Recently, I was in a conversation with a builder. We both were making good progress. We negotiated the terms and defining the following steps to put that on paper. Unfortunately, life threw a spanner on me; the builder backed out at a crucial moment. I spent countless hours on this deal, but all seem to go in vain.

Does this type of experience sound familiar?

I have conversations with various leaders and topics like mental well-being/stress numerous times during the discussion. One of the significant factors of stress is decision-making.

We live in an unprecedented complex and ambiguous time; pandemic has certainly shifted the seismic plate of the way we live.

Today, circumstances are compelling us to make some critical decisions.

This article is for those who are contemplating making life-changing decisions.

Deciding should never be a mindless habit every time; it should be a conscious effort to achieve a higher success rate.

Firstly, let us understand the process of deciding. Any critical decision is generally not made on the spot. Instead, it starts with thoughts and broods in mind for several days.

Often, due to a lack of time and energy, many miss putting those thoughts on paper. This behaviour is the first and foremost fundamental mistake.

Never allow thoughts, ideas, insights to brood in your head for too long; not only will you forget the finer details, but it will also lead to mental exhaustion.

Complex circumstances, limited time, and inadequate mental computational power reduce decision maker’s ability to decide. To show how our conscious brains are constrained. Try this experiment. Take a blank sheet of paper and pen, now try multiplying 34*47 in your mind and at the same time, write “My Name is ____________,” you will soon realize that this is not possible to do simultaneously, since our conscious brain can only process one thing at a time. Hence, it is our responsibility to make it easier by writing down all the possible thoughts in a book you are about to decide. This would significantly help you to reduce mental energy burnout.

Reframing Mindset

Never try to achieve a perfect decision; there is nothing called an excellent decision. Instead, strive to come up with an optimal solution or at least an acceptable one. This mindset will help you to think more practically, deter confirmation bias and not get carried away by over-optimism.

Embrace Risk

Risk is an inseparable part of every decision. For most of the everyday choices people make, the risks are small. But on any important decisions, the implications (both upside and downside) can be enormous. This mindset would help you to prepare for the worst possible scenarios. If that happens, you will be mentally stable rather than being over-emotional and fight to move forward.

Decision Paralysis

Another reason is being prone to what I call is “decision-paralysis” — being overly concerned about or too dependent on the opinion of others. This habit may lead an individual being unable to determine how to proceed without any survey of their support network in the hopes of arriving at the optimal choice. It is as though somehow others might be in a better position to know what would be the correct thing to do. Therefore, before reaching out to anyone, make sure that person is qualified to give you the advice and not just because you like the person and feel comfortable with him/her.

Now we have taken care of our mindset, let us get to a simple process to help you arrive at an optimal outcome.

We will learn BRAIND Technique, balancing intuition with Logic.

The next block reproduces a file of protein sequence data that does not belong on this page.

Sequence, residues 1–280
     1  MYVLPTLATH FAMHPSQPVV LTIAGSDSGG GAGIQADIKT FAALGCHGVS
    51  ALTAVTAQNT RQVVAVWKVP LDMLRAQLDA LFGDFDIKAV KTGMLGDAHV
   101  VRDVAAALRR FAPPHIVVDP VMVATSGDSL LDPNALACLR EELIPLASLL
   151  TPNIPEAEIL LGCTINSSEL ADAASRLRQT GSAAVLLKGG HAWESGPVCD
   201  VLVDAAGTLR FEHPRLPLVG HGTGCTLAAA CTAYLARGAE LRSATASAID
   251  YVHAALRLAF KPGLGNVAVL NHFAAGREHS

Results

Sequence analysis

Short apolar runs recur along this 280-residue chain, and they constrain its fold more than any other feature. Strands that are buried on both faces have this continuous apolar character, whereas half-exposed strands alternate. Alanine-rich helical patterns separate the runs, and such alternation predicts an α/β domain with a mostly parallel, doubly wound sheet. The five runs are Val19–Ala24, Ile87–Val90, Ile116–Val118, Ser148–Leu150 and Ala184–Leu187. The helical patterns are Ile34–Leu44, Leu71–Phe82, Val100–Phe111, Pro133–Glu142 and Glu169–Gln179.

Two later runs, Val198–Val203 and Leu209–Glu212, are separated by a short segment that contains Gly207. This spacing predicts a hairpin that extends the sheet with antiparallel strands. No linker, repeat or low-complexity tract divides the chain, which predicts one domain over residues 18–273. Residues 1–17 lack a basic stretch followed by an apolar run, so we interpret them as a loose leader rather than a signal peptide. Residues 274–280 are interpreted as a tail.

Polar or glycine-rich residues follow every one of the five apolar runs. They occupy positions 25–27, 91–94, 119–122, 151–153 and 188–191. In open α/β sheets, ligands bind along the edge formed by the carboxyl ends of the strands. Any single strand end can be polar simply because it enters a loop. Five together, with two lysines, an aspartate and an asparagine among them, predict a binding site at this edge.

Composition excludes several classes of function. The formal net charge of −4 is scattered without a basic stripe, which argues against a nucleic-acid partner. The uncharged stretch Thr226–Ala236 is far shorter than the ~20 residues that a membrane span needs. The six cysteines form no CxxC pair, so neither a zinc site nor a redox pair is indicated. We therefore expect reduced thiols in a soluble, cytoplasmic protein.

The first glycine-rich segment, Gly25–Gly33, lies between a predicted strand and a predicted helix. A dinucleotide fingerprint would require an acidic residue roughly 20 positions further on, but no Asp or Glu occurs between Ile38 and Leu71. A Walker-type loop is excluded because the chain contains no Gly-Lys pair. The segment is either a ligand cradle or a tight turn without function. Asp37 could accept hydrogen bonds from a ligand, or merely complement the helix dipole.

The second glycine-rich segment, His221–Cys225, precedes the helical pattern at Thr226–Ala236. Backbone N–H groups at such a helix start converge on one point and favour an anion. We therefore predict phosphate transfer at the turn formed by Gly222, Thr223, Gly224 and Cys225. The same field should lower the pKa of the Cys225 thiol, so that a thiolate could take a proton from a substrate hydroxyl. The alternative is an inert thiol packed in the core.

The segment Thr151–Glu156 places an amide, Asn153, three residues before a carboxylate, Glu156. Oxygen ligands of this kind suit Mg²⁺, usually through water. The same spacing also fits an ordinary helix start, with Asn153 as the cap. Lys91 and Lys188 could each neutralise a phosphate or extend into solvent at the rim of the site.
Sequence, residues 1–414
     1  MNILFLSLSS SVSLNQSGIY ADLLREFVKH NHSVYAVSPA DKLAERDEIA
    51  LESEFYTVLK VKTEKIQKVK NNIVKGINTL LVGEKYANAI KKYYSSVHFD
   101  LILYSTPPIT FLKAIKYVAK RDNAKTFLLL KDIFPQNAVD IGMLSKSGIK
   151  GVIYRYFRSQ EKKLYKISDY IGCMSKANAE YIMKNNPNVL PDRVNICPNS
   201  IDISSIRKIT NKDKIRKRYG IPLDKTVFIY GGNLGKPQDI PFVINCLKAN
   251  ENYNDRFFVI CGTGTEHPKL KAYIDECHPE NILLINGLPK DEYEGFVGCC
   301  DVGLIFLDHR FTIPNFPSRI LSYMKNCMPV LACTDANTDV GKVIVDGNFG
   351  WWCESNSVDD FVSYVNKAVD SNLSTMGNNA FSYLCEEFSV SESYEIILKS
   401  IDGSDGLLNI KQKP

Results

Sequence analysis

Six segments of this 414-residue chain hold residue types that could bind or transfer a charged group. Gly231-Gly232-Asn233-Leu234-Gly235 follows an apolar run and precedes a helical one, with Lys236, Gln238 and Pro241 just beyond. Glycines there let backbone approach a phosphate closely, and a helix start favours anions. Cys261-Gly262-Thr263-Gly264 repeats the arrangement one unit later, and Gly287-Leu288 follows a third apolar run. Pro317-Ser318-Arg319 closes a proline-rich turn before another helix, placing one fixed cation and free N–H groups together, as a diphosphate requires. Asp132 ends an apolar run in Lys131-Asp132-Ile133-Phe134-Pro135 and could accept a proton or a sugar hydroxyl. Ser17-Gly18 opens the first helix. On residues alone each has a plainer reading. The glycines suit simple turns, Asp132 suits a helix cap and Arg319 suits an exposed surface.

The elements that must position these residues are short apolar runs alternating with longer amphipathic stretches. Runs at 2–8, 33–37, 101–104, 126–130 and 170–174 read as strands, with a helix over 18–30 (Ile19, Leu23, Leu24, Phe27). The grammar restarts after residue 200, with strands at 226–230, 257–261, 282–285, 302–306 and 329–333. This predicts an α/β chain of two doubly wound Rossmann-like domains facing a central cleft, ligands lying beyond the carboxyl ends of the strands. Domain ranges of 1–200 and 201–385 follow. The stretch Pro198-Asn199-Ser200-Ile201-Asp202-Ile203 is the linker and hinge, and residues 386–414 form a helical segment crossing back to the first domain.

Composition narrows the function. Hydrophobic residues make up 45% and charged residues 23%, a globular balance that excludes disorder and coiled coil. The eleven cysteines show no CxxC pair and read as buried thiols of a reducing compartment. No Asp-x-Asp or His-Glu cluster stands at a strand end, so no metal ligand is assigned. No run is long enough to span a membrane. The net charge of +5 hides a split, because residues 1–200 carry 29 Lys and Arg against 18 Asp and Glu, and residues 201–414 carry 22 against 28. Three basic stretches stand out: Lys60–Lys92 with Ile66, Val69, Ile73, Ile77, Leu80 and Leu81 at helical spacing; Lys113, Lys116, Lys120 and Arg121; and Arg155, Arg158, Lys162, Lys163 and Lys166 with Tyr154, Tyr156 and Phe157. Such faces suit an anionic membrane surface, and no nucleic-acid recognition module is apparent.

Medical professionals commonly use this model to help them to make informed decisions about their patients’ outcomes. So how can it help the rest of us in our business or personal lives?

BRAIND helps people to work through problems systematically, using the following acronym:

  • Benefits — What are the benefits of the chosen course of action to you and your stakeholder?
  • Risks — What are the risks involved?
  • Alternatives — Are there any other approaches that you could consider?
  • Intuition or Implications — What is your gut feeling about the situation? Is this course of action the one that you want to take?
  • Need Time or Nothing — Do you need to take more time to evaluate the problem? What happens if you do nothing? Would doing nothing pose less risk than acting?
  • Decisions — Decide the next course of action.

The tool’s simplicity and flexibility mean that it could be adapted to various situations — from organizational, management and team issues to personal dilemmas. The questions you ask would help you evaluate a decision objectively and subjectively by giving you a more rounded perspective. A particular focus is given to “gut instinct” or intuition — a factor that is less likely to be included in more traditional analytical tools, but that could be important as an objective evaluation.

After all, your instinct is a product of your experience, knowledge and expertise, so you must trust what your gut is telling and as well as the raw data. Analyzing the value of doing nothing can also be a potentially helpful counterpoint to other decision-making models, which assume that every challenge must result in some action being taken, irrespective of how effective that action is.

At the same time, the tool’s simplicity means that you can risk over-generalizing a problem. The tool was initially designed to help medical professionals and to help their patients for making decisions quickly. However, the problem you face may require you to more information and in-depth analysis before finalizing it.

Although doing nothing might indeed be the best decision to make in some cases, you need to ensure that it won’t result in delaying a decision or missing out on a valuable opportunity.

Parthi's expertise in Digital Learning in organizations through his 4DS process of Diagnosis, Designing, Develop, Deploy. He is a Certified OB/OD Prof